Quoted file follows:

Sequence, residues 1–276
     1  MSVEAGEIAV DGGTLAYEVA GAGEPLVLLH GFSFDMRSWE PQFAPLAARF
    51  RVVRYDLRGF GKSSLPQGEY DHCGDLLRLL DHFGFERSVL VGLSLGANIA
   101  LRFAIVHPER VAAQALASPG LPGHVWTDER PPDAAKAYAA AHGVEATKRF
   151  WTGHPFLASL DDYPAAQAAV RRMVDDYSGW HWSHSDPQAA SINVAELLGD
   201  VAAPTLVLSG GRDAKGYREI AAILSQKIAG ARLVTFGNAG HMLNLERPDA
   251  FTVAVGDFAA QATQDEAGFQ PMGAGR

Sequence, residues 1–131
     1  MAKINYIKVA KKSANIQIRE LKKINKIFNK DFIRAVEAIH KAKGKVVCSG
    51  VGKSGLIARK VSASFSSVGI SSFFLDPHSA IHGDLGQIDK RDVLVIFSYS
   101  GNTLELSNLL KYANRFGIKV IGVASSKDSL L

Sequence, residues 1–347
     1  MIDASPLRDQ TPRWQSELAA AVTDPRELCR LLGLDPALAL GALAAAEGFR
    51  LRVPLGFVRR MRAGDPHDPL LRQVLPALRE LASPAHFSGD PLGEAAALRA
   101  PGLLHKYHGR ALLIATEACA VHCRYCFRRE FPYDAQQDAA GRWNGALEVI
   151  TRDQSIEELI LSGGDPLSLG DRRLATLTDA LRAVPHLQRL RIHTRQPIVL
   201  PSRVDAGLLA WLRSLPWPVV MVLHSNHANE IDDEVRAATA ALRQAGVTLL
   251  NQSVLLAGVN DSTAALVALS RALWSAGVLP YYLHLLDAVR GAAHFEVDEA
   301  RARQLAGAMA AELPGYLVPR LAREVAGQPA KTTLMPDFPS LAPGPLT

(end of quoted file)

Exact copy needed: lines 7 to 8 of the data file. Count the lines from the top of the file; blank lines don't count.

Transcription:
   251  FTVAVGDFAA QATQDEAGFQ PMGAGR

Sequence, residues 1–131